Saturday, 11 April 2009

The Student Media Awards 2009

If there's something every media student needs in their lives, it's another chance to be arrogant and competitive. We all need a kick up the backside sometimes, and the yearly Guardian/Sky News/NME Student Media Awards seems to develop a person's desire to kick their fellow aspiring writers into the gutter more roundedly than anything else I've ever come across. Even I, a self-deprecating trainwreck of a person, suddenly believes that there's more than a slight chance of the prize becoming mine. I'd willingly shove my peers into traffic to gain experience at the Guardian - that must be the hack in me.

It's the shiver of realisation that the things you want might not be so out of reach after all that drives me. This might be a completely misguided view of the world - after all, if it was so easy to become a writer, why doesn't everyone who says backhandedly that they want to write actually manage to do it? - but for some reason it seems like there's a very small ridge between wanting it and actually getting it. It's all about who you know, right? So get to know people. Is it really that hard?

Well, yes, in a word. But let's not let that deter us. Contacts come in time, so I've been told. Yes, I have friends who have already managed to write for the NME and have various important "people" in various places of interest but does this worry me? Probably not enough. How did they manage it? God knows, I certainly have no idea, but it probably helps that they're able to talk to strangers with apparent ease, the bloody bastards. Still, my poor delusioned brain won't take "can't" for an answer, and forces me into flights of fancy where I have my own real life desk and get to write features and articles of actual importance and interest to somebody else and get paid for it. It's a dangerous dream, and one that has been greatly exacerbated by working for a well-known pub chain. It's soothing to phase out the John Smiths and broken glass and cackling hen parties with thoughts of a nice clean office and a weekly column. The vacant blissful smile on my face further alienates me from my fellow workers too, which saves me from any awkward small talk-type scenarios. Everyone's a winner.

So, this competition then. I'm in two minds about it. On the one hand, it's not a means to an end. The winner gets £650 and a week's work experience at the Guardian. They also get feedback on their articles from the judges, who are actually quite terrifying (For example, if you were up for "Student Reporter of the Year" you'd get Alan Rusbridger and Jon Snow amongst others) but after that week's up, you'd be That Guy Who Won That Thing - you'd need to do something good or it'd be a waste. That's a lot of pressure. Plus, you'd look like a bit of a swot. All in all though, it's an amazing opportunity that would look so fantastic on your CV that prospective employers might have to restrain themselves throughout your interview to stop themselves from ripping your clothes off then and there.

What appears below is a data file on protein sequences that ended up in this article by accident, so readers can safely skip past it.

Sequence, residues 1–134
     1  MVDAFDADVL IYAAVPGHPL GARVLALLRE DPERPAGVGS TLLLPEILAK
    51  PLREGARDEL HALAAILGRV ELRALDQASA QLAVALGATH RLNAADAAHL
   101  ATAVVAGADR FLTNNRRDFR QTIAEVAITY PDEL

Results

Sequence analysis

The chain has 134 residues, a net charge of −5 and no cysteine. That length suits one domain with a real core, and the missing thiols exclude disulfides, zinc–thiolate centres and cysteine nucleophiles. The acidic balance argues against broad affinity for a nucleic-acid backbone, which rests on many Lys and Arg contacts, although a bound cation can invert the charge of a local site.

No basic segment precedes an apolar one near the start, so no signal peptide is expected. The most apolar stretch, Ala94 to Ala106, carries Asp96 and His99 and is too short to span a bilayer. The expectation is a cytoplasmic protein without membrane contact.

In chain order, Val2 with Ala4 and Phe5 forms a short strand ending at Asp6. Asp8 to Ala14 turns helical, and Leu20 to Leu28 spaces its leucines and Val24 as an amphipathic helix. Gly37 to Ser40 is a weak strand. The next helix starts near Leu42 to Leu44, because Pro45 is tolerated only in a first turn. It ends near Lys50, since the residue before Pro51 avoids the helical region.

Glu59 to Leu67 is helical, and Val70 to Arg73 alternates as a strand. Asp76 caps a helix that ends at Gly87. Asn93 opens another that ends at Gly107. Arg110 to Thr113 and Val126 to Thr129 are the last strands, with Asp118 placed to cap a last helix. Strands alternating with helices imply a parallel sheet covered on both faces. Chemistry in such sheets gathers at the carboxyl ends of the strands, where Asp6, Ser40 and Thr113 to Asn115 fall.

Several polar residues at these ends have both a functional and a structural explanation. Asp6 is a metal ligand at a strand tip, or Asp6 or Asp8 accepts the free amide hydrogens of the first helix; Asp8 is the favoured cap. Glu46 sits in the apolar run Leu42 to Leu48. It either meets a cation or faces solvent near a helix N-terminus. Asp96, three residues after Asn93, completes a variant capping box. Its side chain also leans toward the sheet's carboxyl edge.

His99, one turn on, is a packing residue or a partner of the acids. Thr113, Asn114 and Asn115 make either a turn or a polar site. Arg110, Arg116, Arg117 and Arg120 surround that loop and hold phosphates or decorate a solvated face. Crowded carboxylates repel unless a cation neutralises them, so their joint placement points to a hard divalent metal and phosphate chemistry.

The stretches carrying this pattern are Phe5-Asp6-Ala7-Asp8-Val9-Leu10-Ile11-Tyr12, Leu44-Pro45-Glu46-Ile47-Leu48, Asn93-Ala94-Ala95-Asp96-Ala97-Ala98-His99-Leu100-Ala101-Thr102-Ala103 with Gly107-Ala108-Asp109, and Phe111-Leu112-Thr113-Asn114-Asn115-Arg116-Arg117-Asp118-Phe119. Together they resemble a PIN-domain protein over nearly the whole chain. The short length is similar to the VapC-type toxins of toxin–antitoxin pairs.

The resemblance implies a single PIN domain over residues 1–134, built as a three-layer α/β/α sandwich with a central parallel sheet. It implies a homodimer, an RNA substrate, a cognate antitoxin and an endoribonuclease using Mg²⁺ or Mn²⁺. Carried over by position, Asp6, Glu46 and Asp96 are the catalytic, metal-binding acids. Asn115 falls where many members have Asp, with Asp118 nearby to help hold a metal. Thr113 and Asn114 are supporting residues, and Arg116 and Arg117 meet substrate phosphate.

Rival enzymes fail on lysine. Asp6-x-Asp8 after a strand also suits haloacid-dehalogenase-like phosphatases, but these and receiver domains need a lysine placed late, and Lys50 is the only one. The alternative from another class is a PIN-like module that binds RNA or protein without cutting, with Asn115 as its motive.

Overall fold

On the other hand, I'm a coward. There are many other reasons I could give for not entering this competition, most importantly the note in the T&Cs of the competition that states "All work entered must have been published/broadcast in student media during the academic year September 2008 to June 2009" - meaning that Leeds Trinity students are ever so slightly screwed; our newspaper sucks so badly that it now has a staff of about five. We aren't like Leeds Uni (she whines pathetically), we don't have the resources or the funding or the talent. Plus, I already walked out on that newspaper dramatically, I can't just crawl back in for the sake of a competition. My hero got to where he is today by not graduating a media course and fluking his way to semi-fame by pretending to be bleeding-edge by means of a website. A competition seems too lame somehow. I'm clearly a coward. These aren't good enough reasons not to do it. Suck it up, grow a pair, and get the fuck on with it. Harsh words are needed. Get right out of the bed.

Still, as soon as I've finished talking myself out of it, the shiver comes back. It's an unusual feeling, I'd never had real aspirations until I started my second year of my Journalism degree. I hope that thousands of like-minded media students take up this opportunity, no matter how little they believe in their chances of winning. We need to start somewhere. It's a step up from hiding behind a blog, and it's getting your work out somewhere were somebody else can read it. How bloody terrifying. But how exciting, and I am going to enter, just as soon as my tutor emails me back about the student publication thing...

1 comment:

peterRepeater said...

Get Right Out Of The Bed.

How many people - with bona fide jobs in the media - do you think got where they are today by winning a competition?


Secondly, you're talented enough to succeed at anything. And you clearly have a passion for it. Keep the fire in your belly, and so I say...

Stop worrying and bloody get on with it! Write, write write and write some more. One day, something will slip through the net and you'll have your break - I honestly believe that.

No Half Measures. ;-)

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